I’ve written before about senior animals in the shelter, but I think we just broke a record. We just adopted out a 19-year-old cat! Our last shocking record was a nearly 20-year-old cat that came in as a stray and was reclaimed by her family.
Considering that only 16 percent of the stray cats that come in here go back home, that is a miracle. But I can understand someone who is responsible and caring would want their senior pet back, assuming they knew to look in the shelter in the first place.
What impressed me about this adoption is that someone voluntarily took on this older animal.
I’m not sure who would have a harder time landing in a shelter – a senior cat that got lost and had been on his own for a while? Perhaps he would be happy to be brought in – a regular bowl of yummy food, fresh clean litter for a bathroom, friendly humans wanting to pet and groom him.
Coming from the streets he might think he hit the big time. Or would it be harder for a much loved, pampered kitty that was surrendered because of her owner’s death or declining health.
Not only does that cat lose her special person but her home and lifestyle. What a mind trip it must be to be put in a carrier, driven to the shelter, put into a cage with a lot of other cats around and not really be able to understand what is happening.
Cats are such creatures of habit that any change is traumatic for them. Older cats coming into the shelter usually react by either being totally defensive (hissing, swatting, growling and ultimately biting) or by just shutting down – not eating, sleeping in their litterbox, freezing when touched, etc. The latter at least makes handling the cat a little easier but neither is good and those cats are not very adoptable.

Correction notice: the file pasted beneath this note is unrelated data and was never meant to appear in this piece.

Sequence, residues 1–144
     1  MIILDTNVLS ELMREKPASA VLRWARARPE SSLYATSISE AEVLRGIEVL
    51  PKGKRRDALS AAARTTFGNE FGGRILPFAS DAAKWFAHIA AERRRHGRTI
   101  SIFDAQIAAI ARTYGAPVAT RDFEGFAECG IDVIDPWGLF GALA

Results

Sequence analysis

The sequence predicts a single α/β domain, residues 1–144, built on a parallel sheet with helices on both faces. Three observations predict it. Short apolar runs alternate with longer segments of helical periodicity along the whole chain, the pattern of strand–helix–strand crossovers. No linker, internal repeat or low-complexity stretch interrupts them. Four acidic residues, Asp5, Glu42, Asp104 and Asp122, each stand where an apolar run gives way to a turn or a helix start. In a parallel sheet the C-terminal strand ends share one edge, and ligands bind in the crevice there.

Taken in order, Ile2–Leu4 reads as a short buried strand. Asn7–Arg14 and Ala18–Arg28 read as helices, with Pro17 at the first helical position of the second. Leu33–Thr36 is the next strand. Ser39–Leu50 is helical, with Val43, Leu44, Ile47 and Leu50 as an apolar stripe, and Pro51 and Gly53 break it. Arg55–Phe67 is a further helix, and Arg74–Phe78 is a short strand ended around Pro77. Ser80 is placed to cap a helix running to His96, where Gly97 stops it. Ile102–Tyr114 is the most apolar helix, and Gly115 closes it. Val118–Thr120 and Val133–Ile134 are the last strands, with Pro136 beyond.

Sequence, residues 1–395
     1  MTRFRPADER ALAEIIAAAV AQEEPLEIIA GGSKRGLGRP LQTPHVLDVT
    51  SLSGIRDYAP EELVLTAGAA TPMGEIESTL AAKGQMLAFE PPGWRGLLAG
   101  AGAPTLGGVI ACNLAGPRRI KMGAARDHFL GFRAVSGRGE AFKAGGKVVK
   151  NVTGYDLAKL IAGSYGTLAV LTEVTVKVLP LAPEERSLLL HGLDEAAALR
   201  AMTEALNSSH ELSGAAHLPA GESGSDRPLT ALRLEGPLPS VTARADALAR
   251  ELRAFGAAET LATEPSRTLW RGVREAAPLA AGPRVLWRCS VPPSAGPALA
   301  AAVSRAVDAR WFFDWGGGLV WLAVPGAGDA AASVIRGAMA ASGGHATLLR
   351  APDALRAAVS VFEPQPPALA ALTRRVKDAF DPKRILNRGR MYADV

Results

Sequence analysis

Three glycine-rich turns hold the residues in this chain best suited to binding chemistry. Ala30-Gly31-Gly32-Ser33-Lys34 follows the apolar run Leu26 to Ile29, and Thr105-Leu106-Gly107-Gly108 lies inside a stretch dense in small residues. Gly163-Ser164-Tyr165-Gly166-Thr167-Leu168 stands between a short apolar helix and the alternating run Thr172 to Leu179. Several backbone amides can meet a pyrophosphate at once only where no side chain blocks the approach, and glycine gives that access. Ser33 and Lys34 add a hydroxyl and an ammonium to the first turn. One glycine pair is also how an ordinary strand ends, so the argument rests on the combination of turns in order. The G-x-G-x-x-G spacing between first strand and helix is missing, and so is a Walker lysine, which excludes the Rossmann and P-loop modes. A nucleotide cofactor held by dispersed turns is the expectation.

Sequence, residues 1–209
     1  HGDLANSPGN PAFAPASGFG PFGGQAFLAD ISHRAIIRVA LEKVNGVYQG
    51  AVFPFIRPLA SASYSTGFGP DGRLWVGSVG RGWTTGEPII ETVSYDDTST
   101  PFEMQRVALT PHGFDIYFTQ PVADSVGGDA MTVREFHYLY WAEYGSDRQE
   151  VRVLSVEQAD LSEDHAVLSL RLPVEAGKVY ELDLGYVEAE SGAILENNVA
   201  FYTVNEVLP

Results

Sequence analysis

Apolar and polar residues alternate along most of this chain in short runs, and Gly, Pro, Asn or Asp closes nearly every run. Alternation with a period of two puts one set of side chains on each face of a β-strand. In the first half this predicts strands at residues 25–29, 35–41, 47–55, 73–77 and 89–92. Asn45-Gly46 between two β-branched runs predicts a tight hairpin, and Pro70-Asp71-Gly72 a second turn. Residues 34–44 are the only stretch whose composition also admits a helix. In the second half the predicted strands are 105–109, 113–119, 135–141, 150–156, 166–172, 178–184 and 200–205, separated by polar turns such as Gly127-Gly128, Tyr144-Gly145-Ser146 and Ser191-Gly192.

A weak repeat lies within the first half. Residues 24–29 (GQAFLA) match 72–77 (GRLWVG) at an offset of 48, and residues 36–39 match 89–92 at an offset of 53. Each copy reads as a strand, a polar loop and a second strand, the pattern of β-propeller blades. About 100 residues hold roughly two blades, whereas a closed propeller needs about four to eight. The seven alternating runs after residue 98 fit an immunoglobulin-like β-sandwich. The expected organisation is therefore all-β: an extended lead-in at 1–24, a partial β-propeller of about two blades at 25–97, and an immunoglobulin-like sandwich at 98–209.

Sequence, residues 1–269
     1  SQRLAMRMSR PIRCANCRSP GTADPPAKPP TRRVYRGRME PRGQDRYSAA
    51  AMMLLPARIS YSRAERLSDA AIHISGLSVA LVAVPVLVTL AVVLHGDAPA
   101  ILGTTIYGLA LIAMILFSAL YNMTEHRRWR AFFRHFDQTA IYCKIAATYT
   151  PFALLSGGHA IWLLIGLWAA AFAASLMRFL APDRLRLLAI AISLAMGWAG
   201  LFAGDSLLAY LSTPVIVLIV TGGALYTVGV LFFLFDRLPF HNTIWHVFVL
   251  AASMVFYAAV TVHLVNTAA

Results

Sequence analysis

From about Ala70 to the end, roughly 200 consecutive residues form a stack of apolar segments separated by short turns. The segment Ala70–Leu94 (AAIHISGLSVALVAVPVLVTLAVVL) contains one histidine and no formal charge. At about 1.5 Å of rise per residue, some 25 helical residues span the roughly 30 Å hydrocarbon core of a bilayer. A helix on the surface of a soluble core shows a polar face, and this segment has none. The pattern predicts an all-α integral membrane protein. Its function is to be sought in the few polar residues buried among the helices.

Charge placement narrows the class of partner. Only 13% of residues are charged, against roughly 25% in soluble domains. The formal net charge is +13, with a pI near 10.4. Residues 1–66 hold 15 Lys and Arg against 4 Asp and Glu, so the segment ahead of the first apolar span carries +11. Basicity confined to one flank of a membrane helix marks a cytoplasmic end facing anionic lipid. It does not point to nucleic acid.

The amazing thing about Miss Kitty, the 19-year-old cat, was that she seemed fine with the transition. Not only was she a friendly, outgoing cat, health-wise she was like a 10-year-old!
Miss Kitty was plump, not thin as most senior cats are, and her coat was in great condition. Her blood panel came back fine – no signs of kidney or liver problems or diabetes.
Those are the three big things to look for as a cat becomes mature.
We get in lots of thin, sickly older cats, not good adoption candidates at all. But if Miss Kitty had come in as a stray and we were left on our own to figure out her age she would have been classified as 10-12 years old, given a clean bill of health and put up for adoption without question.
Figuring it would be a challenge to find someone willing to adopt a cat knowing that she was in the upper teens we turned to social media for help. I was amazed that within 24 hours of posting Miss Kitty on our Facebook page we had an adopter already lined up! Such is the power of Facebook. If you are not already a part of our caring corps of Facebook fans please join us.
The more people we have sharing our adoptable animals and strays the wider our net is cast, and the more powerful this tool becomes. Join us and we can all help more animals like Miss Kitty!
• “Get Them Back Home” campaign: Every lost pet should have a way to get back home. Free pet ID tags and back-up microchips are available to all residents of Rohnert Park and Cotati.
No appointment necessary, just come by the shelter during our regular open hours: Wednesday 1-6:30 p.m.; Thursday, Friday and Saturday 1-5:30 p.m.; and Sunday 1-4:30 p.m.
• Fix-it clinics: Free spay and neuters for cats and $60 dog surgeries (up to 80 pounds) are available for low-income Rohnert Park and Cotati residents. Call (707) 588-3531 for an appointment.
Mickey Zeldes is the supervisor at the Rohnert Park Animal Shelter. She can be contacted at firstname.lastname@example.org.